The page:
After that, someone REALLY bad will come after them just for their ammo stash, a few guns, sights and gear.
Because the ones really bad will have no scruples to do whatever they please.
Check how things in El Callao, Bolivar are going, as right now.
Foresight is always preferable to Hindsight, but seldom as accurate.
The problem in trying to apply what you think you should have done or could do better is that two scenarios are seldom the same. So chances are what would have worked better last time, might not work well, the next time around either.
So we all need to be wary of trying to make to much out of other people experience or even our own prior experiences. The best we can do, is take the generalities of that experience and see how it applies to our current or future situation. Then we can make some general assumptions on what we might face or how things might be.
Since no two countries or even two events in the same country will be exactly the same, all we have to work with is generalities.
The real key to survival, is what you do “in the moment’. Not what you have planned or have thought out. If you “freeze’ or “hesitate”, that may cause any plan to fail, no matter how good it was. If you can’t adapt quickly to changing circumstances, your plans will fail.
Dwight Eisenhower said, “Plans are worthless, but planning is everything.” Eisenhower further said “…the very definition of ‘emergency’ is that it is unexpected, therefore it is not going to happen the way you are planning.”
Many people have heard one of the versions of: “No battle plan survives first contact with the Enemy”.
You might say we are not making battle plans or fighting an enemy and rightly so. But the basic concept still remains true.
So this version might seem more practical to Preppers: ” No plan survives its initial implementation.”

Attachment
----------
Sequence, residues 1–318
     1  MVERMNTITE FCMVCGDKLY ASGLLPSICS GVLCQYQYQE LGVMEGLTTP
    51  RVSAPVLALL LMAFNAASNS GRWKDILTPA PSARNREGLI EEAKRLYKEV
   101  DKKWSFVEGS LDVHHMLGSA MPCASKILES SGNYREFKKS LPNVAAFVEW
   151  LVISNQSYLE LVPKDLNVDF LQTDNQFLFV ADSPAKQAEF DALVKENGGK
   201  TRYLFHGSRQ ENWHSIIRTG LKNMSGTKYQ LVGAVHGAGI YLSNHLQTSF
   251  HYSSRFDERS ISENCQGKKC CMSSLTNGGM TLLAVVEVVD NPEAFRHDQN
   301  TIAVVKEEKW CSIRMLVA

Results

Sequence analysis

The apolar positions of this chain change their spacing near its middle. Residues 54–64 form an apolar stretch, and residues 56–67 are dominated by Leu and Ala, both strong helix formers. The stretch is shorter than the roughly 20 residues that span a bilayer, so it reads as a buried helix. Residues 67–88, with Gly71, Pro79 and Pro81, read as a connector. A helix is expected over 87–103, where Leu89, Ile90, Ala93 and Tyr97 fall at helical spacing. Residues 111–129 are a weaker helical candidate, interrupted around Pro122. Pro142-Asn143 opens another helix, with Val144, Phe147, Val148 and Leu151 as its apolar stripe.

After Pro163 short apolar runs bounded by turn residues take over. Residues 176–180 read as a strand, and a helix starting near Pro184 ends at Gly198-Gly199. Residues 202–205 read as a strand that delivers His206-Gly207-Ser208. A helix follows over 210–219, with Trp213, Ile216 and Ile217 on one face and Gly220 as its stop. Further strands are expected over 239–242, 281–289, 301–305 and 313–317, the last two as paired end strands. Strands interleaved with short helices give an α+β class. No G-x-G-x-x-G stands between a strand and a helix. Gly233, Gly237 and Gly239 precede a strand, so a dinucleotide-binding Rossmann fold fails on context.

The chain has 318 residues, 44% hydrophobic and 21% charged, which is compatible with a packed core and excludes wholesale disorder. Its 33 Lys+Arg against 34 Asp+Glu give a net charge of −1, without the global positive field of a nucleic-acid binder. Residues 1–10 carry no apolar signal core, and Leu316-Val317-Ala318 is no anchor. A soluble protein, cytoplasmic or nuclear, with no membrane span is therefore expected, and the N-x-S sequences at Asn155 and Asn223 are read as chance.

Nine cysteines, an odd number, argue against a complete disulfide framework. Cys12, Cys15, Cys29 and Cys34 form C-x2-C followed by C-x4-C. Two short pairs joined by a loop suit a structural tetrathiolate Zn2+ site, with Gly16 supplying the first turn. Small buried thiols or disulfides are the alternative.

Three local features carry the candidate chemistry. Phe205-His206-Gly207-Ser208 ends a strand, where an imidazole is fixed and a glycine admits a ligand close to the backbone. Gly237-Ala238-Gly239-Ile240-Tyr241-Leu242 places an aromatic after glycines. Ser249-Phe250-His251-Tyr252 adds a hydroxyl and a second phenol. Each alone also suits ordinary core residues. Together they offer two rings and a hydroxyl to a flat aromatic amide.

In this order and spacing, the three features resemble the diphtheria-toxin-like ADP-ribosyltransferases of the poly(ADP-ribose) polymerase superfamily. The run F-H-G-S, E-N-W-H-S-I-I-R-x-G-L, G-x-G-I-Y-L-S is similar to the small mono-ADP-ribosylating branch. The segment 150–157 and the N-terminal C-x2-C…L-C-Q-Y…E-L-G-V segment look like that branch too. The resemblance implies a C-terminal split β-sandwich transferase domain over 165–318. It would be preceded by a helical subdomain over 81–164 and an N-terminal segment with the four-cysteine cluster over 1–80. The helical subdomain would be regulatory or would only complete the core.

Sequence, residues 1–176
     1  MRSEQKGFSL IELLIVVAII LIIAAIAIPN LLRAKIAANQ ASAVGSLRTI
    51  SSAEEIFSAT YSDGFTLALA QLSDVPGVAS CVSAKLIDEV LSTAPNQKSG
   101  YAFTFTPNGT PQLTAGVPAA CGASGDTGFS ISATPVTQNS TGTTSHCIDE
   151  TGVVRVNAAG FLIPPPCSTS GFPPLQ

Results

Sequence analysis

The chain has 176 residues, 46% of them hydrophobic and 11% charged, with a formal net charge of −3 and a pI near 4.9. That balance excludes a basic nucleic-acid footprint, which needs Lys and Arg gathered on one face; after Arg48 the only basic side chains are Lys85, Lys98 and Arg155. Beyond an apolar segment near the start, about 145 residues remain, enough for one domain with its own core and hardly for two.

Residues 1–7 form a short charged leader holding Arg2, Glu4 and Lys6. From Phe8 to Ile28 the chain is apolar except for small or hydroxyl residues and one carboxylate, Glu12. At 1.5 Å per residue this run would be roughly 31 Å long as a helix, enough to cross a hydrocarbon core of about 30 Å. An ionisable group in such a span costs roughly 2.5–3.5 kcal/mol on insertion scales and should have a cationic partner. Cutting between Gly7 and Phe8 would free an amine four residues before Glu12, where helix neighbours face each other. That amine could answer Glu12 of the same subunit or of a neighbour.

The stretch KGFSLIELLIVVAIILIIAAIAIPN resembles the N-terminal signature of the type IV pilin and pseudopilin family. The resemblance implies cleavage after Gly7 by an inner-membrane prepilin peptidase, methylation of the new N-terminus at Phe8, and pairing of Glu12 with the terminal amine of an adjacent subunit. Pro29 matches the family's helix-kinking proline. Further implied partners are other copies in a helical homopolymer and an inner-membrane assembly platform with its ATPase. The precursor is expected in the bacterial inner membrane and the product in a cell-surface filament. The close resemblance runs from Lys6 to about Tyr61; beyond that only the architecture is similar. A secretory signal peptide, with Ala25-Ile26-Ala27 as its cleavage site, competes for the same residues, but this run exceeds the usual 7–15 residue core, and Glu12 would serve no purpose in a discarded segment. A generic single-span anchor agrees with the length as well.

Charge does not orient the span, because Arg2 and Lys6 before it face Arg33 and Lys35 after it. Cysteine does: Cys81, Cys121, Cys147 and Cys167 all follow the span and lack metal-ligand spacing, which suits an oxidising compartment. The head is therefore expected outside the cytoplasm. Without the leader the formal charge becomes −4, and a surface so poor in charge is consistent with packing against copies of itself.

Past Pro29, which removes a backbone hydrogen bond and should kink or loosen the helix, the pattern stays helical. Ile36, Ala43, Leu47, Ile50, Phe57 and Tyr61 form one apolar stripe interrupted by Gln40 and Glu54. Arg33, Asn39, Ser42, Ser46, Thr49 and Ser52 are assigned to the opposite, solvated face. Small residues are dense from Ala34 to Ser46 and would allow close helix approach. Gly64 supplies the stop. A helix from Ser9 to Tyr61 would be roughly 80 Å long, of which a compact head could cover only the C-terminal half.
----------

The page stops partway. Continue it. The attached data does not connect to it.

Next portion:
Think hard on that and consider it well.
Planning is good, but also expect things not to go like you have planned them to.
Agreed. Military don´t use to say the 3 stages of a mission: Order, counter-order…and disorder?
in previous discussions, but I’ll bring it up again.
When I first jumped in to Prepping 12 years ago, I jumped in whole hog. I spent a considerable amount of money prepping for the Bug Out, while ignoring a reality. That reality is I’m unable to walk very far at all due to Degenerative Joint Disease. It’s not something exercise improves, it exacerbates the disease. What’s the point of a 75 liter backpack, when you can’t carry it? The only option for bugging out is by vehicle. That may not be possible depending on a myriad of factors when SHTF.
So I spent money on things that I won’t physically be able to use/employ. It’s a reality that I should have made much earlier.
So I made a poor decision, by ignoring the reality of my situation in making my preps.
Thankfully, reality crept back in within 2 years, and I adjusted to cope with Bugging In being the best option for my situation. Bugging Out becomes a last ditch option/effort. So some supplies are cached at my safe location, but the bulk of what I’ll need is kept close at hand. Most could be loaded in my old 64′ Scout should bugging out be necessary.
Keeping an older vehicle that would survive an EMP.